• 0 avatar
      krhodes1

      You cannot directly compare prices directly between the US and Europe. If nothing else, having 18-30%+ tax included in the price wildly distorts the picture, vs. US prices which are always exclusive of tax.

      How do prices of the Fiesta compare on both sides of the pond? THAT would give you an answer as to what a Mondeo would run here. More expensive than a Fusion, certainly, but it is altogether a better car too. I too, have driven one.

      And I do put my money where my mouth is, I drive a Saab 9-3 Wagon with 6spd manual. If I hadn’t gotten such a ridiculous discount on it last year it would be a VW Jetta TDI Wagon, also with six speed manual.

  • avatar
    lilpoindexter

    MEH, this is the car a bunch of college kids will arrive at XYZ college in this fall. I don’t think it’s the game changer Ford thinks it is…We Americans need bigger cars to fit our big butts into.

  • avatar
    educatordan

    I still want the 3door but otherwise, kudos Ford.

    Hey Baruth, how was the suspension and seats for longer drives? Say I wanted to cross the USA in it alternating between interstate and curvy hilly state hwys?

    • 0 avatar
      Jack Baruth

      I’d like the car to have a touch more rebound damping, but really it’s a solid freeway/backroad compromise. MUCH better than a Fit, probably not quite up to the (larger) Versa. Quieter than a Versa, though.

  • avatar
    psarhjinian

    And yet, where it counts, this car is just not that good at the fundamentals:
    * The rear-seat space is terrible for the class. Most of the cars can accommodate a four six-footers, and the Versa can manage a rear-facing child-seat behind a tall front passenger. This car can’t fit a child behind a tall driver
    * The trunk is small and awkwardly-shaped. I’m not expecting it to equal the Fit, but bettering the Yaris or Aveo would be nice.
    * Mileage is nothing special.
    * The Versa and Aveo ride better; I think the Yaris does, too. The Fiesta isn’t bad (eg, it doesn’t constantly vibrate like the Fit does) but it’s “sporty”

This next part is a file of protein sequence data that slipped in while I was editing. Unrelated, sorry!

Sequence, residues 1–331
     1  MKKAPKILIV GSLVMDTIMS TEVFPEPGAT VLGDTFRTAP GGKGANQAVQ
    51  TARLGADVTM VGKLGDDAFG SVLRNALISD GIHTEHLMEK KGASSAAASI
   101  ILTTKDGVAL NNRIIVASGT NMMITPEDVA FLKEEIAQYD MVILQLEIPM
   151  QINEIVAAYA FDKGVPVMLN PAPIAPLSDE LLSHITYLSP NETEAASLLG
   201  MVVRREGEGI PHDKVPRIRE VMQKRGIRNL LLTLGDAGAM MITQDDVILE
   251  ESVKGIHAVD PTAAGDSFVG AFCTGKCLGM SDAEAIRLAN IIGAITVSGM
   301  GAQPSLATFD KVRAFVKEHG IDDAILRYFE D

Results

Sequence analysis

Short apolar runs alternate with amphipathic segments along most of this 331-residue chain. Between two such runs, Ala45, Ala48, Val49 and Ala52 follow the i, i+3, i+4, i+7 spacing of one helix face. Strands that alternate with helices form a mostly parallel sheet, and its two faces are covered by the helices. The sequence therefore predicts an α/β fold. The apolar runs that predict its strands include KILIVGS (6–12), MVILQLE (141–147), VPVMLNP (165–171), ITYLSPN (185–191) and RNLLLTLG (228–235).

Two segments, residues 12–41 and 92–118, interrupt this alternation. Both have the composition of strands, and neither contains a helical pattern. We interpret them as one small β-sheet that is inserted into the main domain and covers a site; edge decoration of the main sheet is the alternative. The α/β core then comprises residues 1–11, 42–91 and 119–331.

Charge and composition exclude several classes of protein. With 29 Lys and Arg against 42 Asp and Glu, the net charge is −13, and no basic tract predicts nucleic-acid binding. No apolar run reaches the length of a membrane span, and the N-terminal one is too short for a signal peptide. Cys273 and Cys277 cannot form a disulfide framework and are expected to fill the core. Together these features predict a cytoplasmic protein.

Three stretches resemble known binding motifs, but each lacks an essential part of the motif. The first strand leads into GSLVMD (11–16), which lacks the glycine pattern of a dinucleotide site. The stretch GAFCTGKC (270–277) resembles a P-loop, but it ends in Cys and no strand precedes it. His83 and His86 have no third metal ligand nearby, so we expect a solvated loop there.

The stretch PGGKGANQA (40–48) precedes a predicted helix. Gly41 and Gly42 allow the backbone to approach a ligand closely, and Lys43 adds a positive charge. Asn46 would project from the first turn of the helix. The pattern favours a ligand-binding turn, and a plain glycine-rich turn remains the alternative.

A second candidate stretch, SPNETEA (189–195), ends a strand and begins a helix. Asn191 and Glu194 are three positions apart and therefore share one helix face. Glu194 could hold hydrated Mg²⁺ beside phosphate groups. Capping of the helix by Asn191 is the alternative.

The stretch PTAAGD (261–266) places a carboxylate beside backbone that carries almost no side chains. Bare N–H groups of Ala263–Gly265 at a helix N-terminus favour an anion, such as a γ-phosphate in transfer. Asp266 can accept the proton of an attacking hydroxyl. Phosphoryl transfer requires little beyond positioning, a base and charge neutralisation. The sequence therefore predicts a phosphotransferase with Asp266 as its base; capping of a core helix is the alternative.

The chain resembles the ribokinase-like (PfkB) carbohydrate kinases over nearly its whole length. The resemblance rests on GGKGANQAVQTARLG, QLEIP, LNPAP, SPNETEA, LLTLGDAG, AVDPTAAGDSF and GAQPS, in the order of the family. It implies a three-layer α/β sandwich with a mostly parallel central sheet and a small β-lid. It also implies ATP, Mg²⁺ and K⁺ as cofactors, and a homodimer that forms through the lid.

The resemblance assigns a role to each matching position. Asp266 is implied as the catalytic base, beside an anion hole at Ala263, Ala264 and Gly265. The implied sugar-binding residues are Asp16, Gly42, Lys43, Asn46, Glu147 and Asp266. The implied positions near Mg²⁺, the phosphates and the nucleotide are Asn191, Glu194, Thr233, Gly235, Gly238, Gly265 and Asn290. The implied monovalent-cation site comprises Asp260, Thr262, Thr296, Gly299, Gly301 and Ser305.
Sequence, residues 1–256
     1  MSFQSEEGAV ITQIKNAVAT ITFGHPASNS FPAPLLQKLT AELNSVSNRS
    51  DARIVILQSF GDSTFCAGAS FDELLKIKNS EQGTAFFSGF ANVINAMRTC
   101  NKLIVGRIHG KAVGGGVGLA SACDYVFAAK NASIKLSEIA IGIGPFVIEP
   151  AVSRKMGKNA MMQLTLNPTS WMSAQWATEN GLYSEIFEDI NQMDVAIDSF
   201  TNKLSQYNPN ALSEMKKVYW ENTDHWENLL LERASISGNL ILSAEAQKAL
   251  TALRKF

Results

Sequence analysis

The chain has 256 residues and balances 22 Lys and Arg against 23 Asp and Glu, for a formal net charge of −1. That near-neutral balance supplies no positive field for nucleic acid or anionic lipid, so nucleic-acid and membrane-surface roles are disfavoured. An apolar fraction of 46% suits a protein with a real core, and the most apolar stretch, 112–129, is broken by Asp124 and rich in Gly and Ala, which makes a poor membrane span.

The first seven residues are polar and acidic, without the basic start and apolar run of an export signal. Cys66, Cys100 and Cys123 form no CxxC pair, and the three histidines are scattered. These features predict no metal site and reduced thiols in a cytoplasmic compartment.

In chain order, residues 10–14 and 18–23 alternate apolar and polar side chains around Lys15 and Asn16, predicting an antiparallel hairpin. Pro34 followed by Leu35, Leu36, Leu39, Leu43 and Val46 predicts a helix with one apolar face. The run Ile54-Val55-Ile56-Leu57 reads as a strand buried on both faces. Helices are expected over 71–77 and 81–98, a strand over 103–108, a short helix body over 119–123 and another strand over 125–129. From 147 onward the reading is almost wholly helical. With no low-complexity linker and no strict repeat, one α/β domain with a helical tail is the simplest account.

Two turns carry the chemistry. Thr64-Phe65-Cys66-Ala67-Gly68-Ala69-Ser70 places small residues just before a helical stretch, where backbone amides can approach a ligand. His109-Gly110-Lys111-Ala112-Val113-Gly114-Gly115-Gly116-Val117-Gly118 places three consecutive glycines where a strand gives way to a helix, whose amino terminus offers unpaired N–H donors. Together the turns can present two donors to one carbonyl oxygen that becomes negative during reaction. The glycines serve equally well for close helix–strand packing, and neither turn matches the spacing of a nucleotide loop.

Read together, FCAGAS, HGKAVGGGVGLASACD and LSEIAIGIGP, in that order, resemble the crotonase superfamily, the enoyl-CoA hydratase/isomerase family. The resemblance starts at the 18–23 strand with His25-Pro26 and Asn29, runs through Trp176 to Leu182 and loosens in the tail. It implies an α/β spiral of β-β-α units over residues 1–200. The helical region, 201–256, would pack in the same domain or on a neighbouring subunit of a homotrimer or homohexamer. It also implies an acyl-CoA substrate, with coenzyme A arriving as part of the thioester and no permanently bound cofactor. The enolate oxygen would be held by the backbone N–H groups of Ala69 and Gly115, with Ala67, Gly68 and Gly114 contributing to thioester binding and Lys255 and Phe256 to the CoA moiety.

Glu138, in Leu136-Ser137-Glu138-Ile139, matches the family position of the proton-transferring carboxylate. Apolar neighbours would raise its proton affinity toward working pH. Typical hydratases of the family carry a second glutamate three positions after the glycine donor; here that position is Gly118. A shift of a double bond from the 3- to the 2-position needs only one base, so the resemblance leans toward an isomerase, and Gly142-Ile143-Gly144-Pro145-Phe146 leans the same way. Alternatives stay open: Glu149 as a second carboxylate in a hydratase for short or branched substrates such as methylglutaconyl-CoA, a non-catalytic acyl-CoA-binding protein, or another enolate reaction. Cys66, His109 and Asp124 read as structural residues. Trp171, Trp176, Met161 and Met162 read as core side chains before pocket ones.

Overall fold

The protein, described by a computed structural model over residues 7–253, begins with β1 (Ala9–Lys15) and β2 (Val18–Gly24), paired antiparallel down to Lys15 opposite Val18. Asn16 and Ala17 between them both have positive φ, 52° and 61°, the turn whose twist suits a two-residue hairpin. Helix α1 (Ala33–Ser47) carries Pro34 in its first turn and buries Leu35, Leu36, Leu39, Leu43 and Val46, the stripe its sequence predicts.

Jack’s point about Mr. Euro is a good one: this car hits all the buttons for Mr. Euro, but fails as a car for, well, the kind of people who buy subcompacts, or even compacts, in North America. Right now, that market is split three ways: cargo space and fun to drive (Fit), cheap (Aveo) and ride and people space (Versa). The Ford might get a few Fit intenders, right up until they look at the trunk and rear seat.

    Ford set out to make a Fit/Yaris competitor but ended up with a something that will contend with the Mini.

    • 0 avatar
      undrgnd40

      i’m not sure how many people actually shop for subcompacts with rear seat space and cargo space as their #1 priority.

    • 0 avatar
      srogers

      I won’t argue any of your points, but I do have another angle.
      * rear seat – both of my kids will fit back there, and will continue to fit until they’re old enough not to want to be seen in a parent’s car (we are a physically small family) Our days of caring about infant seats, either rear or forward facing, are years behind us.
      * trunk space – more is better. I’m in total agreement with you here
      * mileage is fantastic! what small car that isn’t diesel or hybrid is better?
      * the Versa is much bigger car. The Versa is as big as my Focus, which makes it a compact in my book. It is priced like a sub-compact though, so it is a good value if space/$ is your criteria. Too bad it drives like a Toyota.
      * the Fit is a fine car with nice driving dynamics and incredible space utilization, but if the Fiesta can offer more refinement and a more relaxed highway experience, then it takes my cake.
      * I’m not even looking at Aveos or Yarii. Nor should anyone else. I’m curious how the next generation Hyundais and Kias will turn out, but for now, no Accents or Rios for me.